To help wade through the world of Twitter and avoid having a tweet-gone-wrong forever saved in the Library of Congress, three social media professionals weigh in with some tips on what career marketers should do and should avoid on the decade-old, yet always evolving, social media platform.
3 Things to Avoid
1. Posting Without Thinking
Kathi Kruse, social media and digital marketing specialist and owner of Kruse Control, says that she’s a big advocate of “thinking before you hit send.” Right now, there’s a large number of people posting inappropriate images, videos, thoughts and musings on Twitter. This can be gravely damaging to a career, she says.
“I’m not saying people shouldn’t have their personal opinions about things politically or otherwise, but what you say and do online speaks for you,” she says. “A lot of people kind of don’t realize that, because it’s just the click of a button. But the reality is, you can see it for the rest of your life practically. It really only takes one time.”
With Twitter, it just takes one Google search to go from a candidate for a new job to the rejection pile. “Tread lightly,” Kruse warns.
2.Talking Only About One Person: You
Think of Twitter like a cocktail party: Does anyone stand in the corner and maintain conversation with the person who speaks only of themselves?
Janet Fouts, a social media strategist and CEO of Tatu Digital Media, says that this is one of the biggest mistakes that professionals can make online.
“They think they’re the hottest thing in the world and [the] smartest and no one else has any intelligence,” she says.
It’s not just joining in on conversations. That’s important, Fouts says, but even more important is sharing something another person posts, which adds value to your own network.
“Respecting the intelligence of other people and sharing their information aligns them with the people they respect,” Fouts says. “When they do that, they can really raise their status by associating with people who are super smart and sharing more info.”
3.Speaking as an Authority if You Aren’t An Authority
Don’t be a know-it-all, says Lissa Duty, social media coach and co-founder of Rocks Digital. If a marketing professional expresses themselves as an authority on Twitter when they aren’t, Duty said it will be obvious (and annoying) to followers.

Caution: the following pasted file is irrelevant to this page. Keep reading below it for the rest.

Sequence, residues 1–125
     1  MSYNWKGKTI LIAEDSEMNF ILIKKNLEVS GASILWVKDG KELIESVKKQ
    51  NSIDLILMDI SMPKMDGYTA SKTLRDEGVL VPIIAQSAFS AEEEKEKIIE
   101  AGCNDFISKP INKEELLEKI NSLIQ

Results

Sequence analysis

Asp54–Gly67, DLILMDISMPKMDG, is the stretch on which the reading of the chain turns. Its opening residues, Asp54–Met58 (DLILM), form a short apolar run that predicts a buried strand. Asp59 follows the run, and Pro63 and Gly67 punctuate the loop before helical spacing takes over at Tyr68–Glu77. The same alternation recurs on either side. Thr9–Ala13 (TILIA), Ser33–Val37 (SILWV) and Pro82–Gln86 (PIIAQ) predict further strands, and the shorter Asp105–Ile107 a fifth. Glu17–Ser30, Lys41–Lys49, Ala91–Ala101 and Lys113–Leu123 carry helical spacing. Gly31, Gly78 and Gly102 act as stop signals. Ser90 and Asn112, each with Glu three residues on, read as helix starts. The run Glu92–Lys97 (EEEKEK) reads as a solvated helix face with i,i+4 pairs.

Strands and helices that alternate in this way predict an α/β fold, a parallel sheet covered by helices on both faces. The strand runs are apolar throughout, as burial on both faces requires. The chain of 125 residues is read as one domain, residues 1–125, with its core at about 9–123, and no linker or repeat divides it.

“That’s one of the biggest fails they have,” she says. “They’ll try to, because they feel intimidated about how long they’ve been in the industry, … pretend they know everything.”
Wanting to be an influencer is a great goal to have. Forcing yourself into that role? It won’t work, Duty says. Everyone who has experience in your industry will know when you’re faking. Be open to learning new information instead of trying to constantly bestow it.
3 Things to Do
1.Focus on Your Passion
It may be cliché, but Kruse says that posting what you’re passionate about is a great way for a young professional to establish themselves as a thought leader.
“Let that guide you for how you want to be seen and establish yourself as an expert or a thought leader,” she says. “Volunteer to write content around it, certainly, but also volunteer to speak at certain places or contribute to blogs of companies that you admire. Do this proactive kind of thought leadership so that when [potential employers or partners] look back on a body of work they say ‘Oh, they are a thought leader.’”
A lot of smart companies will try to poach these Twitter thought leaders, Kruse said. Why? Because it makes the company look like a smart thought leader, by proxy.
2.Strive to Learn
There are a lot of important people on Twitter, and the smartest professionals learn from them, Fouts says.
Marketing professionals should think of Twitter as a place of professional development where they can learn from the leaders in the field. By reading and sharing these insights, marketing professionals can also help others learn, thereby helping their own brand.
3.Reach Out Within Your Range
While making friends in high places is great, Duty suggests focusing on connections with influencers who are attainable and within reach for mentorship. For example, that person with 500,000 followers may not readily respond to questions and conversation, but the person with 50,000 may. This can have immense value.
“That mentorship may not be where they’re directly saying ‘Hey, I’m your mentor,’ but someone they can look to, ask questions of, follow and look to that is an attainable goal,” she says. “Someday, they can develop the relationship and they too will be an influencer. And that’s how they grow and reach on twitter and other larger platforms.”
In fact, this is how Duty increased her influence and reach on Twitter. Her @LissaDuty account has 31.2 thousand followers, but it didn’t happen overnight. She identified three influencers who had reach beyond her own and worked toward developing a rapport with them. When their influencer status grew, Duty’s did too.